British American Tobacco and Imperial Brands UK subsidiaries lowered their corporation tax burden by £2.5 billion (past decade) Using the fiscal instrument of group relief, the UK subsidiaries of Imperial Brands and British American Tobacco – both based and headquartered in the UK – lowered their UK corporate tax burden by £2.5 billion between 2010 and 2019. As a result, BAT paid close to zero corporation tax.
IB’s annual reports are so untransparent that their actual UK tax burden is virtually impossible to determine.
The 2015 BEPS guidelines (OECD) didn’t result in higher tax payments but in less transparency The introduction of the BEPS did affect Tobacco’s Big Four, though maybe not in the way intended by the OECD. The companies didn’t start paying more corporate taxes or stop engaging in aggressive tax planning. Instead, their financial reporting seems to have become less transparent. Tobacco’s Big Four use five main avoidance methods
The €7.5 billion Tobacco’s Big Four shift through the Netherlands annually, mainly consist of dividends from subsidiaries. BAT shifts around €1 billion in dividends via Belgium each year. Tax paid on these profits is less than 1 percent.
Group relief, partly based on internal loans
The two British tobacco giants in particular use group relief (loss compensation) as a major method to reduce their corporate taxes. Imperial Brands lowered their UK corporate tax bill by an estimated £1.8 billion over the last ten years. BAT lowered theirs by an estimated £760 million.
At both IB and BAT, the losses involved regularly stem from interest paid on internal loans, resulting in eligibility for group relief. There are clear indications that at least part of these loans don’t serve any other purpose than lowering their corporate tax bill.
As a result, BAT paid close to zero corporate tax in the UK.
Notional (fictitious) interest deduction
BAT parked around €3.5 billion in assets in three holding companies in Belgium, which from 2010-2017 helped it deduct several millions in notional (fictitious) interest each year. The notional interest deduction diminished over the years and ended in 2018.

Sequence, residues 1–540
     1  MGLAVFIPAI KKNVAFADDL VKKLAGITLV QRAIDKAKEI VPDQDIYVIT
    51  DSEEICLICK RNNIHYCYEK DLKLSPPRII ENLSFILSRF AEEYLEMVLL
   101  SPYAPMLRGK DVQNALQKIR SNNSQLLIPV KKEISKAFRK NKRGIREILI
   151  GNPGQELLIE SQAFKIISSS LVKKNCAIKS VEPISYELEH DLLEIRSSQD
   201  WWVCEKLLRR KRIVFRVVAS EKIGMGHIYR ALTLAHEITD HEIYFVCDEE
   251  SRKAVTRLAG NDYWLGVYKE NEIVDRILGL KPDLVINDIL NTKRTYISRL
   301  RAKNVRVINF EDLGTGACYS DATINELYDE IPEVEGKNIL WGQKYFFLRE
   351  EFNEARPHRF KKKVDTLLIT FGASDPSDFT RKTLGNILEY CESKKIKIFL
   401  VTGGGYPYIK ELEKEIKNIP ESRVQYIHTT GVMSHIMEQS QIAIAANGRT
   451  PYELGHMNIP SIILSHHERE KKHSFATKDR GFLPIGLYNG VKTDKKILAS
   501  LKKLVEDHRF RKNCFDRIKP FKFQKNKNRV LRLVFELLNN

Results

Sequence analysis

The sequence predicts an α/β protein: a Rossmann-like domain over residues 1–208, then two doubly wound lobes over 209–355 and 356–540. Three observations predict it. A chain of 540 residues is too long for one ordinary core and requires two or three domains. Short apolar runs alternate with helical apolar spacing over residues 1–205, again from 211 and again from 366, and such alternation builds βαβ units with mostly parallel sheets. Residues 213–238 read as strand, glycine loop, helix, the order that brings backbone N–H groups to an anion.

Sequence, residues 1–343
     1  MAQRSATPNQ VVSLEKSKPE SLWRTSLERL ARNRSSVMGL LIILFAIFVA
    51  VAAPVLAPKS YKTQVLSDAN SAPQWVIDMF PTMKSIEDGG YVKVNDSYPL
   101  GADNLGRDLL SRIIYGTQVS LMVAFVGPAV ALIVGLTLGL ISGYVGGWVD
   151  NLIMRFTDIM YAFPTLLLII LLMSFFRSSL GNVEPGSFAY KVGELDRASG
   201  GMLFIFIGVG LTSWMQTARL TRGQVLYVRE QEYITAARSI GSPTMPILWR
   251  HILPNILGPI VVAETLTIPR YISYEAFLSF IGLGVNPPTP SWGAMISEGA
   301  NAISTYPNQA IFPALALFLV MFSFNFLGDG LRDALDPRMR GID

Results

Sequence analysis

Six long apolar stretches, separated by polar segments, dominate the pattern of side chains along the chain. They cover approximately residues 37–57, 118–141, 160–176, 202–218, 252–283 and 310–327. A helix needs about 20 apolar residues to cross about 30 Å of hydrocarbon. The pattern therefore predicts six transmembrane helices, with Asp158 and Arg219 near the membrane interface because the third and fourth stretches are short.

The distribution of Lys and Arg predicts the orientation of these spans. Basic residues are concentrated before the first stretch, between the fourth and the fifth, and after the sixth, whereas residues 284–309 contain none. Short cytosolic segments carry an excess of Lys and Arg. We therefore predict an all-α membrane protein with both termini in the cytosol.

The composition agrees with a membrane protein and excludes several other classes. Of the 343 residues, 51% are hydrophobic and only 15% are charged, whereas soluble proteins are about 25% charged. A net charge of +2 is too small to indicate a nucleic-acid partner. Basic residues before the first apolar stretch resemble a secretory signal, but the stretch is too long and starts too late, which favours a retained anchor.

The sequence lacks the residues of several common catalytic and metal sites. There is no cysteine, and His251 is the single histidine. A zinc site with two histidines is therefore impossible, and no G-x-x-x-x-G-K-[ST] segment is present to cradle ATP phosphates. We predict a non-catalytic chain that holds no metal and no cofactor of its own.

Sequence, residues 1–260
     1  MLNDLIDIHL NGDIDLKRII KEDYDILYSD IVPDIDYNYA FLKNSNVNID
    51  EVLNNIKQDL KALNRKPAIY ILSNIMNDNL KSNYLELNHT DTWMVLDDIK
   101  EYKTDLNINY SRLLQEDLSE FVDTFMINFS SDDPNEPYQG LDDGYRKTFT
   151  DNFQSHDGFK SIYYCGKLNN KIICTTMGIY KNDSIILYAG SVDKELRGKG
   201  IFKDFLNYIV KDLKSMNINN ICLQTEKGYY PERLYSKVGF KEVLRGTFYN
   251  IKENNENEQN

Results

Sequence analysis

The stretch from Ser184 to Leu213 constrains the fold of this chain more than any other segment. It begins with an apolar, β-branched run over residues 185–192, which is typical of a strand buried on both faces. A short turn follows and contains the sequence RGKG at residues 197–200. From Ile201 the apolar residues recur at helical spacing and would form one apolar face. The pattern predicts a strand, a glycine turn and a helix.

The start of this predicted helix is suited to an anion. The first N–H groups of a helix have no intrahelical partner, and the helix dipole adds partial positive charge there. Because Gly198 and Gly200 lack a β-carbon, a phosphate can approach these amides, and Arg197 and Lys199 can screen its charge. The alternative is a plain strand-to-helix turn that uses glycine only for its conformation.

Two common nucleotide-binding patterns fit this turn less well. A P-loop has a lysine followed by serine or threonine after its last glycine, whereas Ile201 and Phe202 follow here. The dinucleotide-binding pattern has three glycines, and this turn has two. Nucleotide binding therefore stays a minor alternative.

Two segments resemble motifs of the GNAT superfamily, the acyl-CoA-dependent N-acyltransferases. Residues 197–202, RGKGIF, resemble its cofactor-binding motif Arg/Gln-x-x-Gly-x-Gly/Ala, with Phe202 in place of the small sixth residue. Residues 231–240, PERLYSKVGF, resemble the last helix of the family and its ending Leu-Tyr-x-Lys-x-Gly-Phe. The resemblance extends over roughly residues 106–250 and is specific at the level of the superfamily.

Profit shifting via intra-firm transactions
We found several examples of profit shifting via intra-firm transactions. One is the sale – on paper - of all BAT cigarettes produced by BAT Korea Manufacturing Ltd. (South Korea) to Rothmans Far East BV in the Netherlands. They are immediately re-sold to another South-Korean company, BAT Korea Ltd, at a much higher price. This way, on average each year €98 million in Korean profits are shifted to the Netherlands.
There are clear indicators that PMI and JTI use royalty payments (through the Netherlands) as a tax planning tool: - Philip Morris Holland BV annually pays between €25 and 29 million in royalties to a foreign entity. For the Dutch BV these are costs, so the taxable profit is lowered considerably. -
Between 2010 and 2013, Japan Tobacco International Group Holding BV shifted about €250 million annually through the Netherlands as royalties. After 2013 they stopped reporting the royalty payments. It is however likely that this subsidiary continued to function as a conduit for royalty payments.
Tax disputes and investigations
Tobacco’s Big Four are involved in tax disputes in at least eleven countries over the last ten years, leading to claims by tax authorities ranging from €45 million to €1.2 billion. So far, in the majority of cases, the courts’ decisions have been in favour of the companies.
• Philip Morris has been / is under examination by foreign tax authorities in Germany, Indonesia, Russia, South Korea, Thailand, Switzerland and Turkey .
• BAT has been / is involved in disputes in the Netherlands (a record claim of €1.2 billion), Brazil, South Korea and Egypt.
• Imperial Brands is involved in three large tax ongoing tax-related legal procedures in France, Russia and the EU, involving tax claims totalling £672 million.
• For Japan Tobacco International, we found three specifications of tax disputes, in Turkey, Russia and the UK.
• In September 2019, the European Commission announced an in-depth investigation into tax avoidance by multinationals. BAT is one of the 39 companies under investigation.